DURHAM, N.H. -- New Hampshire is becoming increasingly concerned over the state budget. However, residents are split on the causes of the budget shortfall, as well as the best way to balance the budget.
These findings are based on the latest WMUR Granite State Poll, conducted by the University of New Hampshire Survey Center. Five hundred four (504) randomly selected New Hampshire adults were interviewed by telephone between April 15 and April 26, 2011. The margin of sampling error for the survey is +/- 4.4 percent.
As the economy recovers, New Hampshire residents remained concerned about the state’s economy and unemployment, but at a lower level than in recent months. A lack of jobs and a weak economy is still seen as the most important problem (31 percent), but concerns about the state budget have increased to 23 percent from 18 percent in February.
A significant change is that 7 percent say the newly elected Republican legislature is the most important problem facing the state. Other concerns are high taxes (5 percent), education funding (4 percent), and the quality of education (4 percent). Thirteen percent of Democrats and 4 percent of Independents said the GOP-controlled legislature is the most important problem facing the state.
New Hampshire residents are significantly more informed about the budget problems facing the state: 39 percent say they have heard a lot about the state budget, 48 percent have heard a little, 11 percent have heard nothing at all, and 2 percent don’t know. In April 2008, only 17 percent of state residents said they had heard a lot about problems with the state budget. Awareness of the state’s budget problems is bi-partisan.
The budget problem facing the state is seen as very serious by 43 percent of New Hampshire adults, somewhat serious by 45 percent, and not very serious or not serious at all by 4 percent. Eight percent are unsure. Republicans, Manchester-area residents, and readers of the Union Leader are most likely to think the budget problems are very serious.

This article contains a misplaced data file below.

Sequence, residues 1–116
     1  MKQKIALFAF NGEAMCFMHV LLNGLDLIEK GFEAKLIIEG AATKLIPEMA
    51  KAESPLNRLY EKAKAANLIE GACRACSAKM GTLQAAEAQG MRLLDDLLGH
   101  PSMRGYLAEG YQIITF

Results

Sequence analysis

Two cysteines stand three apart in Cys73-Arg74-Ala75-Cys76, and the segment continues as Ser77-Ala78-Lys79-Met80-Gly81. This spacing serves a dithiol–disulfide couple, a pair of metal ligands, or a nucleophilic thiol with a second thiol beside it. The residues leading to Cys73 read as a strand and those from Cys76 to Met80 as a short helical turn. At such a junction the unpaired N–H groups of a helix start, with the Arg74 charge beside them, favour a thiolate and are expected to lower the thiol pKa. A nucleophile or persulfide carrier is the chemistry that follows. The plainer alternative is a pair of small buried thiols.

The New Hampshire is split as to the main cause of the state’s budget problems: 40 percent believe it is because of too much spending, 39 percent believe it is due to a lack of revenue, 17 percent believe it is a mix of both, and 3 percent are unsure. Republicans are most likely to believe it is due to too much spending (62 percent) while Democrats are most likely to blame a lack of revenues (59 percent).
For complete tabular results, visit http://www.unh.edu/survey-center/news/pdf/gsp2011_spring_budget050211.pdf.
The UNH Survey Center has conducted survey research projects at the University of New Hampshire since 1976. The center has grown rapidly during the past 30 years and now conducts approximately 40 to 50 major survey projects each year. More information: http://www.unh.edu/survey-center/.
The University of New Hampshire, founded in 1866, is a world-class public research university with the feel of a New England liberal arts college. A land, sea, and space-grant university, UNH is the state's flagship public institution, enrolling 12,200 undergraduate and 2,300 graduate students.
Andrew Smith, director of the UNH Survey Center.